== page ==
Artist Tammy Woodrow's exhibition titled Metanoia at Althorpe Studios & Gallery, Leamington Spa
Part of the Metanoia exhibition

Artist statement for Metanoia exhibition at Althorpe Studios & Gallery, 8 - 10 July 2016


Who are we? Where do we come from? Where do we really belong? (Hall, 2006)


The Greek word ‘metanoia’ means a fundamental change in character or outlook often in a spiritual sense. My change of heart came with the sudden realisation that as all the dispersed refugees in the media, my cultural identity is also linked to migration and relocation. 

My parental heritage is British/Dutch-Indonesian. My mother and her pro Dutch parents had to flee from an Indonesia in revolution against the Dutch colonials to Holland in the 1950s. My mother married an Englishman and I was born in Portsmouth in the 1970s but grew up in Holland. I never felt different from the Dutch kids at school. Looking back I am aware now that I did stand out with my Asian features which would explain name calling.

It’s difficult to say where I feel I fit in nowadays. Am I British or Dutch or, although I have never been there, is there still a strong element of (Dutch-)Indonesian in me? You could call it a multicultural self.

My mother never taught me her native language and I cannot cook Indonesian food. Still, I feel a very strong urge to explore my exotic roots, to travel around my grandparents and mum’s homeland (Java) and see whether there is a piece of me that belongs there.

These sculptures were made during the course of questioning ideas about my identity. I cannot imagine making ‘good’ art without laying myself bare. The creative process consisted of, amongst other things, looking at the past. 

By investigating historic Batik textiles I was trying to connect with a history of Indonesian traditions. The patterns and motifs inspired the leather details inserted into the cement slabs. Some have been reworked with a Stanley knife to generate a distressed look. This emphasized an ageing, ancient, appearance. The multi-coloured leather is used as a reference to skin and different skin tones.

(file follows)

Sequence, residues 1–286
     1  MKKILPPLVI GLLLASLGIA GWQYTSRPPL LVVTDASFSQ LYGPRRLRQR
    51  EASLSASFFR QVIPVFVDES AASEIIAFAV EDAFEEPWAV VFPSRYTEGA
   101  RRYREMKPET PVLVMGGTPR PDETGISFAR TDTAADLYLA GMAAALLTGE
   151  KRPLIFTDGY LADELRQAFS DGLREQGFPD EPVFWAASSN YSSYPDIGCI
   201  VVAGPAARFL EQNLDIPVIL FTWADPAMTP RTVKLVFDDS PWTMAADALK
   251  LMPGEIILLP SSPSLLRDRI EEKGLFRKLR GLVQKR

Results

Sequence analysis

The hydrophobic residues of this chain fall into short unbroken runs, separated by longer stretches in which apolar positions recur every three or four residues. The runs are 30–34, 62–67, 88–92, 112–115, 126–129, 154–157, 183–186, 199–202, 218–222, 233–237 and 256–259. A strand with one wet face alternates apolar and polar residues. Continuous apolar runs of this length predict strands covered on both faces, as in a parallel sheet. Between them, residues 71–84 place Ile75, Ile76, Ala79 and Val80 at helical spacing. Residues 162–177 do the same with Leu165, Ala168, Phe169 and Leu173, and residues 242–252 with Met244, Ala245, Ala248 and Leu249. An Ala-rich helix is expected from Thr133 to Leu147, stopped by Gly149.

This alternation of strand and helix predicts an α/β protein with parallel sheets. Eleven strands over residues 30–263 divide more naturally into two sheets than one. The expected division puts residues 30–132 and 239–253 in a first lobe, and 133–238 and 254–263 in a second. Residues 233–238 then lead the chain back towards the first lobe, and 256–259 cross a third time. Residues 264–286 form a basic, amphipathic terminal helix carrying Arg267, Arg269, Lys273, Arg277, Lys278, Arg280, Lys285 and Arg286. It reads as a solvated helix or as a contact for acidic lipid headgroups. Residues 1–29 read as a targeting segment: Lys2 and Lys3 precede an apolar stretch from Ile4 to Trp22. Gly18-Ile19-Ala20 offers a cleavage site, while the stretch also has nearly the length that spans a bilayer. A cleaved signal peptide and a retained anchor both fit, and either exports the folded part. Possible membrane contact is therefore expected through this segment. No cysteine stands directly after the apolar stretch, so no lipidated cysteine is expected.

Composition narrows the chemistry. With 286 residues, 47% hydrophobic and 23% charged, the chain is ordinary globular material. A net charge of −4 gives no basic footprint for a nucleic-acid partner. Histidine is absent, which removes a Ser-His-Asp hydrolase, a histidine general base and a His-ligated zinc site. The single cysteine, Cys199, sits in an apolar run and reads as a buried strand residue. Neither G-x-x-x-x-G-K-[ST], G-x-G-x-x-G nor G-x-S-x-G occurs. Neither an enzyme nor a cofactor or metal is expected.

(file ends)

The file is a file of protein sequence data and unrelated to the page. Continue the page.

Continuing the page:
The medium of cement moulded into a slab form acquires after drying an unpredictable patina. Every slab is unique with its own markings. They have a sense of archaeology, where the leather fossils are resurfacing. They could represent lost maternal memories. Some are cracked. I left these imperfections like the Japanese approach to ceramics called ‘Kintsugi’. This philosophy it treats breakage and repair as part of the history of an object, rather than something to disguise. ‘Wabi-sabi’ is another Japanese idea about aesthetic and is sometimes described as beauty that is imperfect, impermanent, and incomplete. For me it conjures up images of my grandparents being held in Japanese prisoner of war camps during WWII. 

The cement sculptures are monuments. They are memorials for bygone times, symbolic for the passing of time.

The bespoke wire cages are representative of ‘being labelled’. They are hung in an almost taxonomic, scientific, manner. This method of presentation shows my interest in museological traditions of display. A hint of old fashioned anthropology or ethnography revealing a colonial past.

The title ‘Metanoia’ is painted on a piece of found driftwood emblematic for the long sea journey my mother made as a child travelling to Holland. 


All sculptures are approx A3 size, depth approx 1cm. Materials: cement, chicken wire and recycled leather. Photographic prints are also available. Prices on request.